By Matthew Bitz
A few months ago, I published a review about a best selling book called Rogue Warrior, by Richard Marcinko, an ex-Navy SEAL, it chronicles his years in service of his country in Vietnam and of the creation of SEAL Team Six and Red Cell. For those of you that read Rogue Warrior and enjoyed like I did, you will be happy to know that Richard Marcinko has written several books that, while fictional are truly and thoroughly enjoyable tales of his further adventures. Rogue Warrior: Red Cell, Green Team, Task Force Blue, and Seal Force Alpha. They are all written from the perspective of Marcinko as the commander of different Special Forces units that combat terrorism and traitors.
Marcinkos' first book, Rogue Warrior, was a page-turner by all accounts and spent time in the New York Times #1 Bestseller slot for a considerable amount of time, and his other works, while fictional, have lost none of the authors robust style of storytelling. There is a certain type of attitude to Marcinkos' books that sets them aside form the rest of the genre, a sort of been-there-done-that style that lends itself to the page, providing fictional literature with an insider's viewpoint. The novels progress with the pace and speed of a well executed SpecOp.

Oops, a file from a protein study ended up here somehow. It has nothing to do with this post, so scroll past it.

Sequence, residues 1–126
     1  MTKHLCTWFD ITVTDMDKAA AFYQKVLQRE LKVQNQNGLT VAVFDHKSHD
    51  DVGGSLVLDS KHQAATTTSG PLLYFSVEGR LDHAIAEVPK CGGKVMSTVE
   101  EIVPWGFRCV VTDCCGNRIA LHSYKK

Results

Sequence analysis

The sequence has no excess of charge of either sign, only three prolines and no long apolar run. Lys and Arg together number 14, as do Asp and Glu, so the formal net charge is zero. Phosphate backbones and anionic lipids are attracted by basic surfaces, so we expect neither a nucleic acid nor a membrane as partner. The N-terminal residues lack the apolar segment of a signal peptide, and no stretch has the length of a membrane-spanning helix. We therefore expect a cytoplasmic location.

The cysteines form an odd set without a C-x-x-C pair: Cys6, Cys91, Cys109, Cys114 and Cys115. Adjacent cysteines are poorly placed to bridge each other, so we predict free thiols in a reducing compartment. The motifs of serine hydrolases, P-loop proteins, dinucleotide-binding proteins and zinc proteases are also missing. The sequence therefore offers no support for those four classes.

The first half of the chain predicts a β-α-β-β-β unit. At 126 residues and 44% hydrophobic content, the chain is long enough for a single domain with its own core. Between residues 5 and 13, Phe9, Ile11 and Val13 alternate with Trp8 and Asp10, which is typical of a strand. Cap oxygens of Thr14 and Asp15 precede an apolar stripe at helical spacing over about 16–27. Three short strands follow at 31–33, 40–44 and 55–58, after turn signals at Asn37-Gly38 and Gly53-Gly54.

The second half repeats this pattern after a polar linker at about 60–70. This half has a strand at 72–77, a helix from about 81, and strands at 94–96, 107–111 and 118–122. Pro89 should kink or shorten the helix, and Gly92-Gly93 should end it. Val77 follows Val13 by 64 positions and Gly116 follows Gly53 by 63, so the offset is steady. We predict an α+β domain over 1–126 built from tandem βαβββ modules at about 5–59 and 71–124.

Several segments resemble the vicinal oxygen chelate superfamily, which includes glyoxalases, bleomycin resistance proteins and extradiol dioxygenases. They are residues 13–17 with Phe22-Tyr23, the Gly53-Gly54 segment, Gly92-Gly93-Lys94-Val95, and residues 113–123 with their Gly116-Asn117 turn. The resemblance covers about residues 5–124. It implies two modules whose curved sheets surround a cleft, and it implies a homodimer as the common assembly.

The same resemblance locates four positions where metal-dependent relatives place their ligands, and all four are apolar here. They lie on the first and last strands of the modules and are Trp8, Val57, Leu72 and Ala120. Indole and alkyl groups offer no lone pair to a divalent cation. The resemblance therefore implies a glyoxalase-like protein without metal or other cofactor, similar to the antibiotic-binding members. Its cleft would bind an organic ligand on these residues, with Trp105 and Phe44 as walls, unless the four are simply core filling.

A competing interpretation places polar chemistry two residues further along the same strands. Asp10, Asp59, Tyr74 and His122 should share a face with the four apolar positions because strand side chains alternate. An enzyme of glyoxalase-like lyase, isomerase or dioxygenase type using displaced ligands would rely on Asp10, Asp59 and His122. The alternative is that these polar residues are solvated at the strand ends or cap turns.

Red Cell tells how the Navy recalls Marcinko to active duty and put in command of, (who else?) Red Cell, the crack unit that he created years ago. This band of elite warriors is sent off on a global wide search for missing nuclear warheads and end up exposing a traitor deep within the US government. Green Team is basically run along the same premise only this time their quarry is missing canisters of biological warfare agent.
Sound familiar? Well OK, maybe it is but than almost all books of the military/action-adventure genre suffer from a massive lack of security regarding tactical nuclear weaponry. If it weren't for poor security where would Tom Clancy and every other author be? Although the basic plots may be a little unoriginal the style with which they are told is all their own and Marcinkos'. As with Rogue Warrior, the language is salty enough that young kids shouldn't be reading it. But on the whole, if you have read anything in the genre before and liked it, I guarantee that you will like these books, they are Demo Dick Marcinko at his best.